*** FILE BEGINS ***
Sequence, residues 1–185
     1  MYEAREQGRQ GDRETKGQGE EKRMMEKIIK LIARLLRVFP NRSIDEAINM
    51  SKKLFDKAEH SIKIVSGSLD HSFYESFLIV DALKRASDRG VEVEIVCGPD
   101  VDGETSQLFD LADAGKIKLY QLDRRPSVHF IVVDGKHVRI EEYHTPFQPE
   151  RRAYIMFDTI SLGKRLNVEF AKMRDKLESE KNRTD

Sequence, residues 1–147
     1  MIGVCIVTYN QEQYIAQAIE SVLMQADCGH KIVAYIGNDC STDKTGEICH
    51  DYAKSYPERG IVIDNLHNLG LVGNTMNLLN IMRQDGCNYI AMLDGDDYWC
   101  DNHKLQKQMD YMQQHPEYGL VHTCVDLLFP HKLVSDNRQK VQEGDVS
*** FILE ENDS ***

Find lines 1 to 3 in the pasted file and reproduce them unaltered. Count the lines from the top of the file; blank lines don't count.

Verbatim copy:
Sequence, residues 1–185
     1  MYEAREQGRQ GDRETKGQGE EKRMMEKIIK LIARLLRVFP NRSIDEAINM
    51  SKKLFDKAEH SIKIVSGSLD HSFYESFLIV DALKRASDRG VEVEIVCGPD